Who among us hasn't grazed through a store, snatching every free sample in site? Well, according to the Colorado Department of Public Health and Environment, those who did so at local Costcos in mid-October may have gotten more than they bargained for -- a case of E. coli from sample Gouda cheese.
Look below to read a CDPHE release complete with the dates in question and specifics about the bad Gouda, which was rolled out as part of a promotion described as a "Cheese Road Show" -- a phrase that now paints a rather repulsive picture...
Gouda Cheese Purchased at Costco Linked to E.coli O157:H7
DENVER -- State health and Tri-County Health Department officials Friday warned consumers who purchased or sampled Dutch Style Gouda Cheese (Costco item 40654) at Costco locations that it has been linked to five-state outbreak of E.coli O157:H7 infections.
Consumers who have any of this cheese should not eat it. They should return it to the place of purchase or dispose of it in a closed plastic bag and place it in a sealed trash can to prevent people or animals, including wild animals, from eating it.
Twenty-five illnesses have been linked to the outbreak, including eight cases in Colorado. In Colorado, people n the following counties have become ill: Douglas (4), Arapahoe (3) and Boulder (1).
All cases are among Costco shoppers, most of whom sampled cheese during a "Cheese Road Show" at Costco Oct. 14-17. The cheese was available for sale, and free samples were offered for in-store tasting at Costco in Arizona, California, Colorado, New Mexico and Nevada.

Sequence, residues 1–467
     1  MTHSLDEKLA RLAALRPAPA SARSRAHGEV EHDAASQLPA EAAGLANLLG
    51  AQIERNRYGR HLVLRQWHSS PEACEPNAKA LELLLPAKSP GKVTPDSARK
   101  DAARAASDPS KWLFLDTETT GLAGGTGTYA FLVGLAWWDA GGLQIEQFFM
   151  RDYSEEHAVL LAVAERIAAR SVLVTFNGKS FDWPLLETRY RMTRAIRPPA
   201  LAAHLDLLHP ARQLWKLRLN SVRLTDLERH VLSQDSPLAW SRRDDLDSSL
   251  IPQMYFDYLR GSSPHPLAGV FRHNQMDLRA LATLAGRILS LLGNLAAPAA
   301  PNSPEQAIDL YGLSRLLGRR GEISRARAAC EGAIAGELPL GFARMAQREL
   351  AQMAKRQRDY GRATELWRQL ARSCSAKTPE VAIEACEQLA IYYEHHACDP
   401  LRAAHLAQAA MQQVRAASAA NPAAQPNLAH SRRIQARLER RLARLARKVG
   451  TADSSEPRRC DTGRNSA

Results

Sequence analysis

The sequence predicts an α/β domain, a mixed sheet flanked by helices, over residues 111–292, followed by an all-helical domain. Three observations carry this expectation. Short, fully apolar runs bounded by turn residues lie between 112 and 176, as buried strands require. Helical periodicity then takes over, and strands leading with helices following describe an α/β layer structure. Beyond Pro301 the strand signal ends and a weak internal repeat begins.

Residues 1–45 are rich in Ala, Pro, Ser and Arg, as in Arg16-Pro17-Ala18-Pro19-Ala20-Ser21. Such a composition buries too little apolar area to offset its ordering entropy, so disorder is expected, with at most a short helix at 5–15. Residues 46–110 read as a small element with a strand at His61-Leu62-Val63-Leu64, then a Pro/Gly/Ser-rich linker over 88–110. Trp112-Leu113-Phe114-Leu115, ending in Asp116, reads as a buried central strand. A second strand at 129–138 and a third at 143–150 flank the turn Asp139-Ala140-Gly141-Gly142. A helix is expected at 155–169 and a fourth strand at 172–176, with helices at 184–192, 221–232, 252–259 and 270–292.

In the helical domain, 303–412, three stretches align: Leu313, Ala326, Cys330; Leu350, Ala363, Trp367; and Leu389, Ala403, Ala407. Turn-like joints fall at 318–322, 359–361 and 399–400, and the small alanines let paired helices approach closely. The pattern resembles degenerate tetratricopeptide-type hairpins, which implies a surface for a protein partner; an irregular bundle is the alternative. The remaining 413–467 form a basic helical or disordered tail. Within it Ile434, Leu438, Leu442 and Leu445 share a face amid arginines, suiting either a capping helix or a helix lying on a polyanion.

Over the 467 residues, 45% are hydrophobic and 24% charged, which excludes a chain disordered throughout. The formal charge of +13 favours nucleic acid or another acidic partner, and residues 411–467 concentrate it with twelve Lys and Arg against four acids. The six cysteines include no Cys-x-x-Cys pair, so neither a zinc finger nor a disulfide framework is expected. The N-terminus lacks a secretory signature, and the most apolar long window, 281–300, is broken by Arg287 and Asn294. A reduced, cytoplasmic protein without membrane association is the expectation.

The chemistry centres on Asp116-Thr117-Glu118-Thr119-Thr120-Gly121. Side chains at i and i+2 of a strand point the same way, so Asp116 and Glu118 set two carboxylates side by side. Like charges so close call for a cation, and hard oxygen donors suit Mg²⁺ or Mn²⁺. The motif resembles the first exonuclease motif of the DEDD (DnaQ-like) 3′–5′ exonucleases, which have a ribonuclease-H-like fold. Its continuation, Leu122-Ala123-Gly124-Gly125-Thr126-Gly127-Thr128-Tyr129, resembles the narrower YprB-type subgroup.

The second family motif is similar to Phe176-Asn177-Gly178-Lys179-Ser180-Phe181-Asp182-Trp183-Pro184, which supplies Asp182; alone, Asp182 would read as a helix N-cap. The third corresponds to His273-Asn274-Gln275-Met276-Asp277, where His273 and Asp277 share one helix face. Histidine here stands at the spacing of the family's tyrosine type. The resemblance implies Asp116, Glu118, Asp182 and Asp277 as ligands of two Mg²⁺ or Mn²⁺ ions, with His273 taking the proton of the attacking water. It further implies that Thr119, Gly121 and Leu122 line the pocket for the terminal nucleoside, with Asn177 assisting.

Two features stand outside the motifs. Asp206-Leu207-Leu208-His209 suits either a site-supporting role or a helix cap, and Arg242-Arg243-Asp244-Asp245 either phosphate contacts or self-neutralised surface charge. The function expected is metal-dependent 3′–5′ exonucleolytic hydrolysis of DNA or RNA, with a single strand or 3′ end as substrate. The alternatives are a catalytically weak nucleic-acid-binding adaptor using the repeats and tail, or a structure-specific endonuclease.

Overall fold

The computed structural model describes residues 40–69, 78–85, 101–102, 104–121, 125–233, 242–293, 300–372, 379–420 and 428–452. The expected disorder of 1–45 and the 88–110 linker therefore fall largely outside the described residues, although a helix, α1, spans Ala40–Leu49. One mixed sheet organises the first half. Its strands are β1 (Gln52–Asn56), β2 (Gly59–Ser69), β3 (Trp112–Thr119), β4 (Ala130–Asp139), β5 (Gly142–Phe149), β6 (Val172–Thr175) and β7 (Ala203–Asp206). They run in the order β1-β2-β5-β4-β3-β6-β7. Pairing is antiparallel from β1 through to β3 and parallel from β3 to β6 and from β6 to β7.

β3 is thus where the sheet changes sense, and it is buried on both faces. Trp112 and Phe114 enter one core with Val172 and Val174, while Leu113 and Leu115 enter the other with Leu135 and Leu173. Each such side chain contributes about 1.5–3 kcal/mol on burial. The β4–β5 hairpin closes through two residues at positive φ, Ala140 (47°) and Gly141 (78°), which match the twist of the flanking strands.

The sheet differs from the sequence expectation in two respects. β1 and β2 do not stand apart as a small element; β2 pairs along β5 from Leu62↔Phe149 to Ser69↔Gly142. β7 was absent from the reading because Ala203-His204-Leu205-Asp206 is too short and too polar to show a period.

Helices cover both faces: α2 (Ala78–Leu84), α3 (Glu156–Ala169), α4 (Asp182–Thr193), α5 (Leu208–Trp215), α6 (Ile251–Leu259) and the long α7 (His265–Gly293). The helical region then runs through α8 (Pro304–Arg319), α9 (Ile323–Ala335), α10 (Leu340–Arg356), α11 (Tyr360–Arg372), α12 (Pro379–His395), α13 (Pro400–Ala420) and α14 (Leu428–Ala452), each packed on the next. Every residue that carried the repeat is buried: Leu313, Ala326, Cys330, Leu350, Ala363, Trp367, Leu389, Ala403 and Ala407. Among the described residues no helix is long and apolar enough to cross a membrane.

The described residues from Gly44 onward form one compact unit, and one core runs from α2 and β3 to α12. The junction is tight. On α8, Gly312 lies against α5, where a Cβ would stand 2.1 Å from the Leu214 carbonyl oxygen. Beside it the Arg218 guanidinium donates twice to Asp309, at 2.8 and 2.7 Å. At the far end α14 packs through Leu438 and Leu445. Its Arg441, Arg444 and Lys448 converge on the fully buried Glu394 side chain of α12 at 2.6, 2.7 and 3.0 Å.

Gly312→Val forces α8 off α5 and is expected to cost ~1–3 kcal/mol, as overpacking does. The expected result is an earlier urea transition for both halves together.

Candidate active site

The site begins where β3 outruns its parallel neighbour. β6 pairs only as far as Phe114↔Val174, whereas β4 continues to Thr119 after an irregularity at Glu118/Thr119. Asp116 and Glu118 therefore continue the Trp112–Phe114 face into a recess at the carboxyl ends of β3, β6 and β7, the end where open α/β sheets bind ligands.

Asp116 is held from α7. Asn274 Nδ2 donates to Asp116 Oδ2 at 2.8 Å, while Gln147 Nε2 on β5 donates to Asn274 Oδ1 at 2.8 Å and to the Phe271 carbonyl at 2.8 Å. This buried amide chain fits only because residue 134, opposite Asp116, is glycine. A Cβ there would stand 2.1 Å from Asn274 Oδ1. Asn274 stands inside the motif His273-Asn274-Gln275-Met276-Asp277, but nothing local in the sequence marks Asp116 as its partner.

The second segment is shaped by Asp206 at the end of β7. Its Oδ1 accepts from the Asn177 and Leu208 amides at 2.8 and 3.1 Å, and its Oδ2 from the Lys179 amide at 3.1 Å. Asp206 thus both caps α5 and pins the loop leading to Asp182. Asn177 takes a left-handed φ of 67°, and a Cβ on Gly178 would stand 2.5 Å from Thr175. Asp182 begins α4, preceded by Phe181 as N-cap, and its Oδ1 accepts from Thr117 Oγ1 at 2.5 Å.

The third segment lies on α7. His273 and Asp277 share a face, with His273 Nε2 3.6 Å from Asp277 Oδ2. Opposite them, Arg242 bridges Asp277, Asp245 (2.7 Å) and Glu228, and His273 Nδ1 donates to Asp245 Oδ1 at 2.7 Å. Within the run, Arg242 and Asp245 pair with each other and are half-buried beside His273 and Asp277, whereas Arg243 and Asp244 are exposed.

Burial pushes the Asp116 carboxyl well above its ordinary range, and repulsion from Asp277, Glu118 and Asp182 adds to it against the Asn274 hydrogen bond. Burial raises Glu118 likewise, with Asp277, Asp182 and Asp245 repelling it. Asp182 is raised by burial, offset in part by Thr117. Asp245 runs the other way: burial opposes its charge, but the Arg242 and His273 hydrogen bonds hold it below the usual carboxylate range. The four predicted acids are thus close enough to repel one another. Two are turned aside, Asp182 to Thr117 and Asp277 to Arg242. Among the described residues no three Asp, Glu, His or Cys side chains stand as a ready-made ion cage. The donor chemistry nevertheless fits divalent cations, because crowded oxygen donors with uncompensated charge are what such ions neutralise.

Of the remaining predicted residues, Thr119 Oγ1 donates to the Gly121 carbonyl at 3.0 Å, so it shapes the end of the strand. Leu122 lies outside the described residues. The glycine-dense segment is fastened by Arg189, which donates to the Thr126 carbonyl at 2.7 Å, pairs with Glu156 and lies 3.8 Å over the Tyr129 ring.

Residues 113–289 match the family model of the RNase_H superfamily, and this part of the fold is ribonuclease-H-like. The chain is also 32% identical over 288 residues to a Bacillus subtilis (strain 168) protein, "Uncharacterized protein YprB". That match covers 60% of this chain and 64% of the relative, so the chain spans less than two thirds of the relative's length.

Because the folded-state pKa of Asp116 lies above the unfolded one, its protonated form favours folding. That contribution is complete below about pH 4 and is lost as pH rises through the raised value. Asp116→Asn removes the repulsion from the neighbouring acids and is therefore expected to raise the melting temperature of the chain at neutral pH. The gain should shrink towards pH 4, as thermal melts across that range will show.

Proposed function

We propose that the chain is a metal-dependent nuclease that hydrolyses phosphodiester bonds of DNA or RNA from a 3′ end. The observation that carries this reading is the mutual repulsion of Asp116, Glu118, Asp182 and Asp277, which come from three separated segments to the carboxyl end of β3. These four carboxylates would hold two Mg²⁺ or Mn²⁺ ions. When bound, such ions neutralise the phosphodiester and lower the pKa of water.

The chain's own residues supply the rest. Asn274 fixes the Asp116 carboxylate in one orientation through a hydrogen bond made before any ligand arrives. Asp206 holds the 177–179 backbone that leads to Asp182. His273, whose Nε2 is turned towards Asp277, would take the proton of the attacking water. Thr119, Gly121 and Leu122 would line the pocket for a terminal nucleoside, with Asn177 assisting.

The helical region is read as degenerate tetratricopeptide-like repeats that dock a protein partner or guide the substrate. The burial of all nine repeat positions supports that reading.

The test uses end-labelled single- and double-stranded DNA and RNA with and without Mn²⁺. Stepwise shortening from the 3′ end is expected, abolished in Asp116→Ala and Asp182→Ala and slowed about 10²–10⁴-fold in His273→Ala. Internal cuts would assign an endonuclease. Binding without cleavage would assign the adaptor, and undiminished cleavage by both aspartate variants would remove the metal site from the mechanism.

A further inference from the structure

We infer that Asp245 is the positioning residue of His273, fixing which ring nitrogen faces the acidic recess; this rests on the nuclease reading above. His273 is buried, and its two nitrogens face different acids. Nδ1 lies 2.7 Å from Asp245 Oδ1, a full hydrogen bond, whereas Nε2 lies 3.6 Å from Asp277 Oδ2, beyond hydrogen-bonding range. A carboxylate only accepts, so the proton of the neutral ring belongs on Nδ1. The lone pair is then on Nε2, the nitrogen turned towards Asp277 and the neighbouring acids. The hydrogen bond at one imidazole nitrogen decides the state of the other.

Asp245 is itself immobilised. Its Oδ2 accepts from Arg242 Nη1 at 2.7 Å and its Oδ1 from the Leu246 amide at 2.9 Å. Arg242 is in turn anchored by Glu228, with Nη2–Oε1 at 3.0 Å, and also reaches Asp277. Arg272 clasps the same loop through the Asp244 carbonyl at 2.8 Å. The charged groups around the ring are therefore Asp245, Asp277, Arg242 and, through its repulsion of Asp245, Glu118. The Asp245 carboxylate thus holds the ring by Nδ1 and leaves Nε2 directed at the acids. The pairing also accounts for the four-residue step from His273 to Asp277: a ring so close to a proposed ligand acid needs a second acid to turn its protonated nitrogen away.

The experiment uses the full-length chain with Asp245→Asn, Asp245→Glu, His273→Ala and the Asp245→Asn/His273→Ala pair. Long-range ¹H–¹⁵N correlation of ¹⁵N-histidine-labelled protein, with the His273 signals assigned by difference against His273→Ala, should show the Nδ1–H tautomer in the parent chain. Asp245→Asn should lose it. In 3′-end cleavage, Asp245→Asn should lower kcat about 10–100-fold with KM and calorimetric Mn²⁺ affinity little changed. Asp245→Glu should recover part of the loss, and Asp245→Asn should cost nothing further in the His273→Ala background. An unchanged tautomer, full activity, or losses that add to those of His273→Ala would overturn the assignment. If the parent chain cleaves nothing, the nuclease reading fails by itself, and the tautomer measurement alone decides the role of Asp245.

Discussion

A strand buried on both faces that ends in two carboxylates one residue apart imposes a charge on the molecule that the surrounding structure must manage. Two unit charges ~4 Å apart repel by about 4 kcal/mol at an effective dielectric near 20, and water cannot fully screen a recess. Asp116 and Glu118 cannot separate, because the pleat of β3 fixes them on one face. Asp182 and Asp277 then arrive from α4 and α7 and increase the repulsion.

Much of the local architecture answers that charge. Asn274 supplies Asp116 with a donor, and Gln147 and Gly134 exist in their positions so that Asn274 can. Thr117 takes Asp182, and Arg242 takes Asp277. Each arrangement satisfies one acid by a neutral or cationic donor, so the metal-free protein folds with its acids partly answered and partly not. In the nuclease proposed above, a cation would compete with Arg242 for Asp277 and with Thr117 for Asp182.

Other states reporting illnesses include Arizona (11), California (1), Nevada (2) and New Mexico (3). There have been nine reported hospitalizations, one possible case of hemolytic uremic syndrome and no deaths.
Most people infected with E. coli O157:H7 develop diarrhea and abdominal cramps, but some illnesses may last longer and can be more severe. While most people recover within a week, some may develop a severe infection. Rarely, a type of kidney failure called hemolytic uremic syndrome can occur (as symptoms of diarrhea improve); this can happen at any age but is most common in children under 5 years old and in older adults. People with hemolytic uremic syndrome should be hospitalized immediately, as their kidneys may stop working and they may be at risk for other serious health problems.
State and Tri-County health officials urged individuals experiencing signs or symptoms of E.coli O157:H7 to immediately contact their health care provider. Health care providers also should immediately report any suspected infection to state or local public health authorities.
The Tri-County Health Department, which serves Adams, Arapahoe and Douglas counties, had the highest number of cases and has been heavily involved in the investigation with the state, FDA and CDC.
"I'm very proud of Tri-County staff, who played a major role in linking illnesses with the cheese served and sold at Costco," said Dr. Richard L. Vogt, executive director of Tri-County Health Department.
Costco has removed the cheese from its stores, and using card purchase records has notified consumers by phone of the situation.
For more information, consumers may call CO-HELP at 1-877-462-2911.
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